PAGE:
Harris' Dash Sets Up Dodgers for a Victory

TIMES STAFF WRITER

It was more than just a victory by the Dodgers over the St. Louis Cardinals, it was a lesson in baseball reality from the team that has been forced to deal with it more than any other.

Box scores will show that the Dodgers' 9-2 victory was the result of two swings by a pair of Dodger first basemen, who accounted for two home runs and seven runs batted in.

But the Dodgers know the difference.

They know that the game was won with a 90-foot dash.

The hustle came from Lenny Harris, who beat out a force play at second base with two out in the third inning even though the routine grounder was hit to shortstop Ozzie Smith.

That loaded the bases for Todd Benzinger, who, six pitches later, hit the fifth grand slam of his career.

Six innings after that, Eric Karros added a three-run homer to complete the scoring for Tom Candiotti, who became the Dodgers' first five-game winner, before 28,165 at Busch Stadium.

In winning their fourth consecutive three-game series after losing the first game of that series, the Dodgers again understood the reality of life without their two power hitters--Eric Davis and Darryl Strawberry.

They will not win many games with power if it is not combined with perseverance.

Said Benzinger: "I was thinking about Lenny when I was rounding the bases."

Said Harris: "When I got to the dugout, you would have thought I hit the home run."

Brett Butler, who was on second base when Karros hit the grounder that Harris outran, described the play in three words.

"Junkyard Dodger Dogs," he said. "That is us. That is what we have to be. That is what Lenny was tonight."

The Dodgers did not look as if they were headed for their eighth victory in 11 games after the Cardinals, who had never played against Candiotti before, scored in the first inning.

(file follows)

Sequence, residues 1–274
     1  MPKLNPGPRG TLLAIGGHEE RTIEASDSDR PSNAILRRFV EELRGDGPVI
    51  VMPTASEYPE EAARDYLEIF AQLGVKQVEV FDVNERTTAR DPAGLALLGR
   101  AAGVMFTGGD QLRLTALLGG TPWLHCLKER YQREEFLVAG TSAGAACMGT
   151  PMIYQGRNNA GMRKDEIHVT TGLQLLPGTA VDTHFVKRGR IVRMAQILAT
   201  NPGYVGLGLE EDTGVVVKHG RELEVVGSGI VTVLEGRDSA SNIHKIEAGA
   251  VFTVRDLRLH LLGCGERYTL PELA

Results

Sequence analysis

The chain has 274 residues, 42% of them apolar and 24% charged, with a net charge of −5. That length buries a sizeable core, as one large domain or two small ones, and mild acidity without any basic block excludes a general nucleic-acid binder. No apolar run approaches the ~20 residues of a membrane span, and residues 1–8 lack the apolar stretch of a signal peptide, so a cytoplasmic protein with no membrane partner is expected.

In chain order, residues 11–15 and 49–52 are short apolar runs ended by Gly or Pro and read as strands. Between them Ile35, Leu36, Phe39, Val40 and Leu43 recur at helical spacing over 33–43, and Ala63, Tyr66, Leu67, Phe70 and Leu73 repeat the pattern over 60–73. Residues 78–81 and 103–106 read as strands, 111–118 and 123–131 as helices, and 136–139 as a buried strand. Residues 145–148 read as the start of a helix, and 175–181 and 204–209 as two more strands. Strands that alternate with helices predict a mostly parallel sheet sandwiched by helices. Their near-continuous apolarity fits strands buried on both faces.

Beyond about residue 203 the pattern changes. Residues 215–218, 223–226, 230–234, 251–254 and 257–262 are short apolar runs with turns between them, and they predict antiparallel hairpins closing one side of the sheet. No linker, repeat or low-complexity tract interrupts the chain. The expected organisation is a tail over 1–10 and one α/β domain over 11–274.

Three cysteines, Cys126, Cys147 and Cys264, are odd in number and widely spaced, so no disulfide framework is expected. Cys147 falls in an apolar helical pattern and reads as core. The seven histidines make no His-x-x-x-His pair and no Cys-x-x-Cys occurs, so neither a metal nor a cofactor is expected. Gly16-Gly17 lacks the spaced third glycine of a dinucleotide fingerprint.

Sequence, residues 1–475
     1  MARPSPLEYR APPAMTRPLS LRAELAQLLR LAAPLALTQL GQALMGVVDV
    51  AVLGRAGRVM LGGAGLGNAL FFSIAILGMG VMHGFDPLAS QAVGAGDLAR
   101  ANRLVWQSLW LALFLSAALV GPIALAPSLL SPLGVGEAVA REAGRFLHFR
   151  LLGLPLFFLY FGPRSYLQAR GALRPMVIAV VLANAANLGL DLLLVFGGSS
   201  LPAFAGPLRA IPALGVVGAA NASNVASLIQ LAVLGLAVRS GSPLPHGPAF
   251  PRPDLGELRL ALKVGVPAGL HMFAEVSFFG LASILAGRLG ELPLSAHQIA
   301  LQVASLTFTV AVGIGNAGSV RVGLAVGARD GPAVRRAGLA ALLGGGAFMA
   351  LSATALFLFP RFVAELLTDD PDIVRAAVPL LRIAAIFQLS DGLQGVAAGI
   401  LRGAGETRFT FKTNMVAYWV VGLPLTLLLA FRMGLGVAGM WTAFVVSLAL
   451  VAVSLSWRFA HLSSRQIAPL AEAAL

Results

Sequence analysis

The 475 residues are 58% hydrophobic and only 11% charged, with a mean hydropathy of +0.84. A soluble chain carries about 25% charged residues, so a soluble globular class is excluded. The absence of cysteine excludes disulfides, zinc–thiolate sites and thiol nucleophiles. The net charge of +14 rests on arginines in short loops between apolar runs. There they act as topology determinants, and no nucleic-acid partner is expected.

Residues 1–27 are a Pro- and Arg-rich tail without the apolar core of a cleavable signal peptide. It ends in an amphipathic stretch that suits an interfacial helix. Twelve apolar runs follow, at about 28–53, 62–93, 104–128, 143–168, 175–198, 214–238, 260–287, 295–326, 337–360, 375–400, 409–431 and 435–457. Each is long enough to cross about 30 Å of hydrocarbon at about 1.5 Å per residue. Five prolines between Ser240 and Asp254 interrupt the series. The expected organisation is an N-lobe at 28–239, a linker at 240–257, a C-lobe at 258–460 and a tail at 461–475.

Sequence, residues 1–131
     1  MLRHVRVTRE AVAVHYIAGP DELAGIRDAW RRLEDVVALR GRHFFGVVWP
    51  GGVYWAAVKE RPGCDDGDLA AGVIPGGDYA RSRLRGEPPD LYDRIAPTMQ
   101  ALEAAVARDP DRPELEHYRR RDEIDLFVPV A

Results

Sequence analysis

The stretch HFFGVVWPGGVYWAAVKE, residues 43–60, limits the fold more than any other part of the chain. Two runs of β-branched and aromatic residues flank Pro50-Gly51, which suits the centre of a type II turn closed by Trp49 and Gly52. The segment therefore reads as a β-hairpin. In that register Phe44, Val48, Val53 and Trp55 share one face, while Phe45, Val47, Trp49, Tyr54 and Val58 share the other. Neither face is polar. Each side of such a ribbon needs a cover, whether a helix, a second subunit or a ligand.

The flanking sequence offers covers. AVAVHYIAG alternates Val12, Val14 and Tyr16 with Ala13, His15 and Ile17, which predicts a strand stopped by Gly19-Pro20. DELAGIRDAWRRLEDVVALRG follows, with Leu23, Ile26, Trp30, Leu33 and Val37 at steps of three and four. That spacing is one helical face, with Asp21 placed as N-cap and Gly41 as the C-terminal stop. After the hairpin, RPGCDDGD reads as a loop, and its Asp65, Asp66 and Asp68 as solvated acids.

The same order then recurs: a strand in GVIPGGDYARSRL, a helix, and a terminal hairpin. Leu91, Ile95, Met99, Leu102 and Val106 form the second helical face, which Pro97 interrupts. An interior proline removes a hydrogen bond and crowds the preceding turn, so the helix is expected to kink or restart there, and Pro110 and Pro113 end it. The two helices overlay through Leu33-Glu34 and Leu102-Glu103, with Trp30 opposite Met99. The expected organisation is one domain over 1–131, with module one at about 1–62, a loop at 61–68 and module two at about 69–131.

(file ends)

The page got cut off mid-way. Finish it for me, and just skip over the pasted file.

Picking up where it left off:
Jose DeLeon, who held the Dodgers to two earned runs in three starts covering 19 1/3 innings last season, was on the mound for the Cardinals.

But Candiotti started the third inning with a grounder that bounced off DeLeon's glove and rolled slowly toward shortstop. He beat Smith's throw to first, then was forced at second on Butler's bunt.

Harris looped a single to center, moving Butler to second. After Kal Daniels struck out, Karros hit his grounder to Smith for what appeared to be the third out.

"I saw it out of the corner of my eye as I ran to third and I thought, 'Routine flip to second, see ya later,' " Butler said.

But he, like Smith, never saw the tremendous jump by Harris, who simply outran Smith's throw to the base.

"I was anticipating the hit, I got a good jump. . . . Then when I saw it hit, I knew I had a chance," said Harris, who slid hard into second.

When he heard umpire Frank Pulli shout "Safe," he jumped into the air and gave his own safe sign.

"I thought, Yeah ," Harris said. "I know when I'm in there, this is what I have to do."

Some one should have figured Benzinger was due for a grand slam. He hits those better than he hits regular home runs.

Before that at-bat, in 84 at-bats with the bases loaded, Benzinger had four home runs, one per 21 at-bats. In all other situations, he had one home run every 50 at-bats.

"Just another stupid stat in a world of stupid stats," Benzinger said.

Not so stupid is the .319 batting average and five home runs with 20 RBIs contributed by Benzinger, Karros and Kal Daniels since the three first basemen were forced into the lineup at the same time five games ago because of the injury to Davis.

"I know I can't expect to play the rest of the year, or even the rest of this week," Benzinger said. "Right now I'm just playing with the feeling like, 'See, I can do the job.' "

Karros said his situation was even more serious.

"It's not just the bench for me, it extends beyond the bench," he said, referring to worries over a demotion to triple-A Albuquerque when the team is at full strength. "I have to keep proving myself every day because I know that there are three guys on the disabled list and when they come back, three guys have to go."

Pitching like a man with job security, Candiotti gave up four hits and two runs in eight innings with only four of 32 batters hitting the ball out of the infield.

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